Today’s initial reaction to the government’s decision  has called it “astounding”, “shameful”, and an “historic  blunder”.  From the CBC: “Liberals to buy Trans Mountain pipeline for $4.5B to ensure expansion is built”   and “ Bill Morneau’s Kinder Morgan surprise comes with huge price tag, lots of political risk: Chris Hall”.  From  The National Observer   “Trudeau government to buy troubled Trans Mountain pipeline for $4.5 billion”   ; “BC Will Continue Legal Strategy to Oppose Pipeline After Federal Purchase, Premier Says”  in The Tyee  .  Toronto’s Globe and Mail posted at least 6 items on the decision , including  an Explainer , and Jeff Rubin’s Opinion: “Morneau had better options for Canada’s Energy sector” .

From  Greenpeace Canada: “Federal government volunteers to “captain the Titanic of tar sands oil pipelines” and risks $4.5B of Canadians’ money in the process” ; and  West Coast Environmental Law reaction points out that “There are currently 14 legal challenges before the Federal Court of Appeal, alleging that the government failed in its constitutional duty to consult First Nations about the Trans Mountain project, and that the federal review had other regulatory flaws. Success in just one of those challenges could derail the underlying federal approvals.”

In the Victoria Times Colonist, “Green Party Leader May calls pipeline decision ‘historic blunder’” ; John Horgan, Premier of British Columbia, released an official statement  , and a jubilant Alberta Premier Rachel Notley is profiled in the CBC story, ” ‘Pick up those tools, folks, we have a pipeline to build,’ Alberta premier says  “.  Reaction from B.C. First Nations leaders is compiled in this CBC story.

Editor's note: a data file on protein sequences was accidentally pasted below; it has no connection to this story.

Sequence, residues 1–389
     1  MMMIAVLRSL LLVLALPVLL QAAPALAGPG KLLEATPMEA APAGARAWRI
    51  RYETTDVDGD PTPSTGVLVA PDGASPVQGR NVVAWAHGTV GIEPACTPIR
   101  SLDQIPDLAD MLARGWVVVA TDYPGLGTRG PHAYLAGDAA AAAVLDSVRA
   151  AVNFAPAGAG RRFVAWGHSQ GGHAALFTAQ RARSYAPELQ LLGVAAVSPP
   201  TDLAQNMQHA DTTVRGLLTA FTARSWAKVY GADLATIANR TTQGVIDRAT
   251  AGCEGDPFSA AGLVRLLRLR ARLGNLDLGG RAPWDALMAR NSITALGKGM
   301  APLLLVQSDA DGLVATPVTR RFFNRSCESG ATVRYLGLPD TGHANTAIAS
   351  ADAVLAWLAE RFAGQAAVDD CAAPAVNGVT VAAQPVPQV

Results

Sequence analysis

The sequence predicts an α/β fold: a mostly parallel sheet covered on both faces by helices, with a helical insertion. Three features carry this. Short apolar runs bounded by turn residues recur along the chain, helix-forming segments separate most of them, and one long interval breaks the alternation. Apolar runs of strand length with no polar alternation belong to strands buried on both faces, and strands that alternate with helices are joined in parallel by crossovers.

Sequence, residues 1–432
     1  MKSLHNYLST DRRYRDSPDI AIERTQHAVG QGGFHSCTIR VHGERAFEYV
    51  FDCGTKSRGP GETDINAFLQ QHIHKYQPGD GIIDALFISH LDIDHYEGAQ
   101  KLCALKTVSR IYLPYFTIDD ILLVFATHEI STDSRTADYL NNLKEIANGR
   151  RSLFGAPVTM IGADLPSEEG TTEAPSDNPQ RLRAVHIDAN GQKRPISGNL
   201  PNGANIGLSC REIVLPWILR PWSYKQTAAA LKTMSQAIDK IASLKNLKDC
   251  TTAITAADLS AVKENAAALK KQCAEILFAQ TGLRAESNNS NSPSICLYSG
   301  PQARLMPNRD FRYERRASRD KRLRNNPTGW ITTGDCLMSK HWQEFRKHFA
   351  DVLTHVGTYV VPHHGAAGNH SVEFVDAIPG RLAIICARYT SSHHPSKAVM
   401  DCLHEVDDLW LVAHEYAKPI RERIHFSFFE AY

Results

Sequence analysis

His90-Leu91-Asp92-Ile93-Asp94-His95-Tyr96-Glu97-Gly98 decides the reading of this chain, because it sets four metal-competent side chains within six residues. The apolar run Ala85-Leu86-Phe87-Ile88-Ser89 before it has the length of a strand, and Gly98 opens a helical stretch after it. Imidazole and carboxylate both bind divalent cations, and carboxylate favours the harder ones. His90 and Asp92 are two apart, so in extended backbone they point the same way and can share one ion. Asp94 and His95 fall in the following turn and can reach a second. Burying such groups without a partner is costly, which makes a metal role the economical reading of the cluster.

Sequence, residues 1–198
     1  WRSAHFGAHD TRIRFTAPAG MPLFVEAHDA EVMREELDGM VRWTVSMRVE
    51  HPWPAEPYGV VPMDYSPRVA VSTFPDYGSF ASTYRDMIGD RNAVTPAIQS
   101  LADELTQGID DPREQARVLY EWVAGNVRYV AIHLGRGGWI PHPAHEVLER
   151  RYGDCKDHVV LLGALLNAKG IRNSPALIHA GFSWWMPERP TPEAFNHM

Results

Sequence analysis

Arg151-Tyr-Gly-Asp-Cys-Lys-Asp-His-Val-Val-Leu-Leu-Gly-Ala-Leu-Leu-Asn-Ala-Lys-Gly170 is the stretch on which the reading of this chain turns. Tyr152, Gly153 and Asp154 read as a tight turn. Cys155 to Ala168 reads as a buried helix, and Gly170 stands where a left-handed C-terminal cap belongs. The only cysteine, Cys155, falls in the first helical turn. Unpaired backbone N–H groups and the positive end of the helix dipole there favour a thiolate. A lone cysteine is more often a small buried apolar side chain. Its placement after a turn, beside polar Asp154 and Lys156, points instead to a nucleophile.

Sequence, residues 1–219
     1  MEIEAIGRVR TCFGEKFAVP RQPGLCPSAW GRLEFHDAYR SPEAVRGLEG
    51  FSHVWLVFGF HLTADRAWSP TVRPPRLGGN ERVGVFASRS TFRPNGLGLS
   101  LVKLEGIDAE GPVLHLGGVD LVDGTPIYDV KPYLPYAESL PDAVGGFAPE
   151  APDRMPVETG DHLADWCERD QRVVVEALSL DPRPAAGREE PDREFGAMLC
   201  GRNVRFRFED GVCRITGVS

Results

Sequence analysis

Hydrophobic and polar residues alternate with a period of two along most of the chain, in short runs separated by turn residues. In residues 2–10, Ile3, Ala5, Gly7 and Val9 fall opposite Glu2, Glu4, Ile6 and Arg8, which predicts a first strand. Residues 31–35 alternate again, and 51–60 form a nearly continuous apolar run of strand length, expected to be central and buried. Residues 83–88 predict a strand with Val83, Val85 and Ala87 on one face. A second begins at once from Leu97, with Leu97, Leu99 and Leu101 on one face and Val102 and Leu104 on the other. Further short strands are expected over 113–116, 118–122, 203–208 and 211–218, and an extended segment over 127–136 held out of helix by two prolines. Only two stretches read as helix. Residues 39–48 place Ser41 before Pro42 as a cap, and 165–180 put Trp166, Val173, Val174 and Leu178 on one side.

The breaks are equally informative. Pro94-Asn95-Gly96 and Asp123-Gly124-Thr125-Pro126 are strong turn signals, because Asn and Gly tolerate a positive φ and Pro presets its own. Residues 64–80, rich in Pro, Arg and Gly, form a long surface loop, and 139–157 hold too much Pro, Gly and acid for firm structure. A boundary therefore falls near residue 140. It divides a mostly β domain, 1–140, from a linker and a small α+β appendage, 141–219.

Social media reaction, as compiled by CBC , is here  .  The Dogwood Initiative has mounted a  “Time for Bill Morneau to go” online petition here ; SumofUs has an online petition  here,  to urge the Canada Pension Plan Investment Board not to invest in Kinder Morgan.   Direct emails can be sent to Prime Minister Justin Trudeau at justin.trudeau@parl.gc.ca .   Opposition continues and the story is not over.

U.S. energy employment report: statistics by gender, age, race, and union status

USEER May 2018 reportThe 2018 U.S. Energy & Employment Report (USEER) was released in May, reporting that the traditional Energy and Energy Efficiency sectors employ approximately 6.5 million Americans, with a job growth rate of approximately 133,000 net new jobs in 2017 – approximately 7% of total U.S. new job growth.   The report provides detailed employment data for energy sectors including Electric Power Generation and Fuels Production (including biofuels, solar, wind, hydro and nuclear) and Electricity Transmission, Distribution and Storage. It also includes two energy end-use sectors: Energy Efficiency and Motor Vehicle production (including alternative fuel vehicles and parts production).  It is important to note that, unlike many other sources, this survey includes only direct jobs, and not indirect and induced jobs.

In addition to overall employment totals, the report provides an in-depth view of the hiring difficulty, in-demand occupations, and demographic composition of the workforce – including breakdowns by gender, age, race and by union composition.  As an example for solar electric power generation: “about a third of the solar workforce in 2017 was female, roughly two in ten workers are Hispanic or Latino, and under one in ten are Asian or are Black or African American. In 2017, solar projects involving PV technologies had a higher concentration of workers aged 55 and over, compared to CSP technologies.”